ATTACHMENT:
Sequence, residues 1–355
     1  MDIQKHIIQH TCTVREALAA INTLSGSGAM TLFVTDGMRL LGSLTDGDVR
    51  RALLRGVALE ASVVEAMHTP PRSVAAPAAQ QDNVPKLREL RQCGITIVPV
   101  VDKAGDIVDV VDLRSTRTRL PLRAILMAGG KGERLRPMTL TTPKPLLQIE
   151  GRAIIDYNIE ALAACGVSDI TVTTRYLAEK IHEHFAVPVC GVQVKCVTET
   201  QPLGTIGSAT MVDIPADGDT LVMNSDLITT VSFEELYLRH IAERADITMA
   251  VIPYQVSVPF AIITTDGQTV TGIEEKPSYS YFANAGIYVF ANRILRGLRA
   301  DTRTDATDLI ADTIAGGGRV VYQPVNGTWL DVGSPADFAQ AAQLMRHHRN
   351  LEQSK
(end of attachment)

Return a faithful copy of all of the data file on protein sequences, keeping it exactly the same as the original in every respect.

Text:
Sequence, residues 1–355
     1  MDIQKHIIQH TCTVREALAA INTLSGSGAM TLFVTDGMRL LGSLTDGDVR
    51  RALLRGVALE ASVVEAMHTP PRSVAAPAAQ QDNVPKLREL RQCGITIVPV
   101  VDKAGDIVDV VDLRSTRTRL PLRAILMAGG KGERLRPMTL TTPKPLLQIE
   151  GRAIIDYNIE ALAACGVSDI TVTTRYLAEK IHEHFAVPVC GVQVKCVTET
   201  QPLGTIGSAT MVDIPADGDT LVMNSDLITT VSFEELYLRH IAERADITMA
   251  VIPYQVSVPF AIITTDGQTV TGIEEKPSYS YFANAGIYVF ANRILRGLRA
   301  DTRTDATDLI ADTIAGGGRV VYQPVNGTWL DVGSPADFAQ AAQLMRHHRN
   351  LEQSK